Routine bacterial culture of proximal bone specimens during minor amputation in patients with DFI has little clinical utility in predicting re-operation or healing @ALPSlimb #ActAgainstAmputation #DiabeticFoot

Bone cultures? Clean margins for pathology? Both? These data from Voon and colleagues add more fuel to the discussion

Background: Trans-phalangeal and trans-metatarsal amputation, collectively termed ‘minor amputations’ are important procedures for managing infections of diabetes-related foot ulcers (DFU). Following minor amputation, international guidelines recommend a prolonged course of antibiotics if residual infected bone on intra-operative bone samples are identified, but the quality of the evidence underpinning these guidelines is low. In this study, we examined the concordance of microbiological results from proximal bone cultures compared to results from superficial wound swabs in relation to patient outcomes; with the aim of determining the utility of routinely obtaining marginal bone specimens.Methods: Data was retrospectively collected on 144 individuals who underwent minor amputations for infected DFU at a large Australian tertiary hospital. Concordance was identified for patients with both superficial wound swabs and intra-operative bone samples available. Patient outcomes were monitored up to 6 months post-amputation. The primary outcome was complete healing at 6 months; and secondary outcome measures included further surgery and death. Mann Whitney U testing was performed for bivariate analyses of continuous variables, Chi-Squared testing used for categorical variables and a logistic regression was performed with healing as the dependent variable.Results: A moderate-high degree of concordance was observed between microbiological samples, with 38/111 (35%) of patients having discordant wound swab and bone sample microbiology. Discordant results were not associated with adverse outcomes (67.2% with concordant results achieved complete healing compared with 68.6% patients with discordant results; P = 0.89). Revascularisation during admission (0.37 [0.13-0.96], P = 0.04) and amputation of the 5th ray (0.45 [0.21-0.94], P = 0.03) were independent risk factors for non-healing.Conclusion: There was a moderate-high degree of concordance between superficial wound swab results and intra-operative bone sample microbiology in this patient cohort. Discordance was not associated with adverse outcomes. These results suggest there is little clinical utility in routinely collecting proximal bone as an adjunct to routine wound swabs for culture during minor amputation for an infected DFU.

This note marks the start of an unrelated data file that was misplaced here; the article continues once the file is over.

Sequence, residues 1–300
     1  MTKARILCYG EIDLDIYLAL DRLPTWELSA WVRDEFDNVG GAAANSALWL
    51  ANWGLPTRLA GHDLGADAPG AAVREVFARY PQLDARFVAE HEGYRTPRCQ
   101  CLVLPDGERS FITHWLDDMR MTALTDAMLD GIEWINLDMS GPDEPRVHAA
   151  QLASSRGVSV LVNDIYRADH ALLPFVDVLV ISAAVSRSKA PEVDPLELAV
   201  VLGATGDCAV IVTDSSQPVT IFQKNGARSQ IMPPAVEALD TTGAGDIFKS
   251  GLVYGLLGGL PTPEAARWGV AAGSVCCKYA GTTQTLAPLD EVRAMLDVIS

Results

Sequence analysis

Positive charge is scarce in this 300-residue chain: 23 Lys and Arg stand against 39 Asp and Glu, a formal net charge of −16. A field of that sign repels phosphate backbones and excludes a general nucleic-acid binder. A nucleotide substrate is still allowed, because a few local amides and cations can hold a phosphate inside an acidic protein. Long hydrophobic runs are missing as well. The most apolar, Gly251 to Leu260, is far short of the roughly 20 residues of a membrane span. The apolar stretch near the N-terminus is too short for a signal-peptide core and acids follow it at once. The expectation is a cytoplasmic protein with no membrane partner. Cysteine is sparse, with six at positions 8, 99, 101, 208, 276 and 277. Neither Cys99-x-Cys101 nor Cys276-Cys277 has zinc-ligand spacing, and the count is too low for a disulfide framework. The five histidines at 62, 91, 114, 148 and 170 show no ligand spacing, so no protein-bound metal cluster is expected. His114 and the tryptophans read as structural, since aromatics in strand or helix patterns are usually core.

Routine bacterial culture of proximal bone specimens during minor amputation in patients with diabetes-related foot infections has little clinical utility in predicting re-operation or ulcer healing – PubMed

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